Why I Chose to Spend 6-Months at a VC Fund
If you know me, then you'll know that I'm all about increasing the impact design can have on the world. For the past 20 years I’ve focused on using design to solve meaningful problems, remove frustrations, and make people's lives that tiny bit better.
Now this isn't just some altruistic endeavour. I'm a firm believer in the business benefit of design. Fortunately this isn't just a case of blind faith. Instead there are numerous studies demonstrating the business value a user centred approach can bring. In a recent study, 77% ofCEOs felt that design, in the form of an exemplary customer experience, was one of their key differentiators and drivers of growth. It's easy to see why.
In the early days of tech, the barriers to entry were huge. Servers were expensive, development costs were high, and you could dominate a market by having the right set of features. However as costs plummeted, it became increasingly easy to copy your competitors' features. As a result, feature parity is rarely more than a few months (or even weeks) away.
In this environment it matters less what these features are, than how they are packaged, presented, organised and experienced. In short, what the customer experience is like. Because when there is little difference in feature sets between competitors, the customer experience is all customers really have to go on. That, and your brand, which I’d argue is a manifestation of the experience promise you make with your customers.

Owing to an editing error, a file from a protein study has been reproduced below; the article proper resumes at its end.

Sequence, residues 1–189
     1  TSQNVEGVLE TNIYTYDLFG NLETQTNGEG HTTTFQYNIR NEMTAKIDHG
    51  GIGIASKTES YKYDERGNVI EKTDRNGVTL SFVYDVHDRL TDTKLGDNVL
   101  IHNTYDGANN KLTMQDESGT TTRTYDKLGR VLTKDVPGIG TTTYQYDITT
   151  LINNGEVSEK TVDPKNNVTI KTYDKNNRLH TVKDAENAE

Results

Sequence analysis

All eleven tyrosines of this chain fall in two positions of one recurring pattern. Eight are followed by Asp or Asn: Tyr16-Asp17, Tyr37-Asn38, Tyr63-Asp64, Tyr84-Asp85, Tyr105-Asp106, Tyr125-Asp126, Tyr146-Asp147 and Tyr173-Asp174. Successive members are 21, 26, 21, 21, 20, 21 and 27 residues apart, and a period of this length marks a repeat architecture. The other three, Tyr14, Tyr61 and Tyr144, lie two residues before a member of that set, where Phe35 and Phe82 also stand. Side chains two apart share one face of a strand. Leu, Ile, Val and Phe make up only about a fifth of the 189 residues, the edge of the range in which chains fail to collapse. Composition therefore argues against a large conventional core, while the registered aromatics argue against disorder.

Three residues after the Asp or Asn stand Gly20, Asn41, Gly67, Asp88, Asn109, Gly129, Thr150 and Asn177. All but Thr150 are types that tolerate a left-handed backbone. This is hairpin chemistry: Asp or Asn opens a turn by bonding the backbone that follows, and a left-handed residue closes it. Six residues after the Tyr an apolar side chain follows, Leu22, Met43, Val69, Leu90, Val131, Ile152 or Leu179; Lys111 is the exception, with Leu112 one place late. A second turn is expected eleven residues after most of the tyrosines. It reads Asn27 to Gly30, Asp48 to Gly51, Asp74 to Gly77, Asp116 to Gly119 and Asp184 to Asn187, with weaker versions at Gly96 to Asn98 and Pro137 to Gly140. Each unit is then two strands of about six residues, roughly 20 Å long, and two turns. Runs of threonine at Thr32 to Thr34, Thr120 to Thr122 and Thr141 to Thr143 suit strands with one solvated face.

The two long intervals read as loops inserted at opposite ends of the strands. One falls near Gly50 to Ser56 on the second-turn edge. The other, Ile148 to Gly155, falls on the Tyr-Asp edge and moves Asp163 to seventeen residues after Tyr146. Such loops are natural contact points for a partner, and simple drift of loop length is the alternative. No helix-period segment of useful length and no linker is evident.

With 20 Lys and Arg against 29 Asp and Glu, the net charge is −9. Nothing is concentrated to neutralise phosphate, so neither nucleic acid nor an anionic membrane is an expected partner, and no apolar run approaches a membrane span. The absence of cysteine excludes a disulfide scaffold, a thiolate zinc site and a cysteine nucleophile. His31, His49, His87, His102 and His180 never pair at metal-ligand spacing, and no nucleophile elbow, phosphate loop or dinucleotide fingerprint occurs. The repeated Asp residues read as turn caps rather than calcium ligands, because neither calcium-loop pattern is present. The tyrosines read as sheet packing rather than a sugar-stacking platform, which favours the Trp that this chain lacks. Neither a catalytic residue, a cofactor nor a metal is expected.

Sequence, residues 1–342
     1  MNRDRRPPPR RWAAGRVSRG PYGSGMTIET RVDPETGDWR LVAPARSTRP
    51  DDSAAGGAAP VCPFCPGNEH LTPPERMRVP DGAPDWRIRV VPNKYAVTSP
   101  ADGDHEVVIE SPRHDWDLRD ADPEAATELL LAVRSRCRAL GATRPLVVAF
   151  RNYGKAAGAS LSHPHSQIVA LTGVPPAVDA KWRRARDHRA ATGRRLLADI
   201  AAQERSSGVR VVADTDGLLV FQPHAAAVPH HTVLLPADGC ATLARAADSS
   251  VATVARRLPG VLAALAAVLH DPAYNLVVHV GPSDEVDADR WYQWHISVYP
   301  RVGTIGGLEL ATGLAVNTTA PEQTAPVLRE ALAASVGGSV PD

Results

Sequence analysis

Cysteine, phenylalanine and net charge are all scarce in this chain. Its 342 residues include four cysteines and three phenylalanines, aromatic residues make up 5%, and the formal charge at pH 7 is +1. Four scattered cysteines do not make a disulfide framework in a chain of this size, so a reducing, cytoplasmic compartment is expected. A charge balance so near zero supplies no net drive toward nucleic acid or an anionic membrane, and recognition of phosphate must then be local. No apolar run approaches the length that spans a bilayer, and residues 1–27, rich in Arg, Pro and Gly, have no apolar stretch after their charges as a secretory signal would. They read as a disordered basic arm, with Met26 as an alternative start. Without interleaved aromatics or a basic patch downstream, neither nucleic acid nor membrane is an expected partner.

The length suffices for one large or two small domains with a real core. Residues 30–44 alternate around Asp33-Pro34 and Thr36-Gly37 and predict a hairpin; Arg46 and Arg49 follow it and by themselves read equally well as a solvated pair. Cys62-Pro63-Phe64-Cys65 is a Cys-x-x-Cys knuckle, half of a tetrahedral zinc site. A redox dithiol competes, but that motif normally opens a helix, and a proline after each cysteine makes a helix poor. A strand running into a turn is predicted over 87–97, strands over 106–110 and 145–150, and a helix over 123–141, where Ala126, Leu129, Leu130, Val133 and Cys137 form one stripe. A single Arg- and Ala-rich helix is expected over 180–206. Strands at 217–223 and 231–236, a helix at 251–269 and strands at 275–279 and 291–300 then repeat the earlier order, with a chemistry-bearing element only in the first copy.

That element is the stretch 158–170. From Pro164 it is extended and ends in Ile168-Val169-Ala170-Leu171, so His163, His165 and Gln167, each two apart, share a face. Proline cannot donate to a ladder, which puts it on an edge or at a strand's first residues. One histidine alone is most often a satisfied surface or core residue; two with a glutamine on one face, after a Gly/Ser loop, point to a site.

You'd think this truth would be self-evident by now. How companies like Apple, AirBnB and Deliveroo have dominated markets through superior connivence, experience and design. Yet it's amazing how many start-ups are still optimised around the old model of doing things; of being a technology business first, and only considering the customer experience at a later date.
This lack of design focus is noticeable in the make-up of many founding teams. Early teams will almost certainly have a business and technology co-founder, but often lack a product or design equivalent. As such, one of the questions I'm asked most as an advisor is how founding teams can find their first design hire. Sadly this often happens after the product has already started taking shape, and many of the defining decisions have been made.
From a designers perspective, the lack of early design input can be seen as a warning sign that a company doesn’t value design. As a result, this makes hiring a designer even harder, and the cycle continues.
A general lack of designers on founding teams also leads to more systemic effects, as those founders will often go on to become Angel Investors and VCs themselves. As a result, the majority of investors I know are from a business or engineering background, with only a handful representing design. As a result, the companies and teams securing investment and the advice they receive often lacks that important design perspective.
This is one of the main reasons I wanted to do a stint at a VC fund, and why Seedcamp was the obvious choice. I’ve been a Seedcamp mentor since the start, and they’ve always had a deep belief in the value of design. It’s the DNA of a good product, after all.
My role over the next 6 months is to help founders truly leverage the power of design. This means helping them source the best talent; scale, structure and operationalise their design teams, and ensure they’re not leaving too much money on the table. I’ll be doing this through talks, office hours sessions and one-to-one advisory work. At the same time I get to see the inner workings of a highly successful early stage investment fund, understand how design plays into those investments, and hopefully provide my own thoughts and input into their decisions. So it feels like a win-win situation for all.
If you happen to be a Seedcamp founder interested in getting the most out of your design function, please reach out to schedule a meeting and see how I can help.